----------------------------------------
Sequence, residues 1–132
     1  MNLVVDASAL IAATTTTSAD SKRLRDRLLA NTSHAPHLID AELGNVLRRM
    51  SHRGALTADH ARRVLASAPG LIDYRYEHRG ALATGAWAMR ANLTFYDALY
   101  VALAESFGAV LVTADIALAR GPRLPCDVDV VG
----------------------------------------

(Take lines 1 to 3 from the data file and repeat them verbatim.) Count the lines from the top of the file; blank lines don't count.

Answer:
Sequence, residues 1–132
     1  MNLVVDASAL IAATTTTSAD SKRLRDRLLA NTSHAPHLID AELGNVLRRM
    51  SHRGALTADH ARRVLASAPG LIDYRYEHRG ALATGAWAMR ANLTFYDALY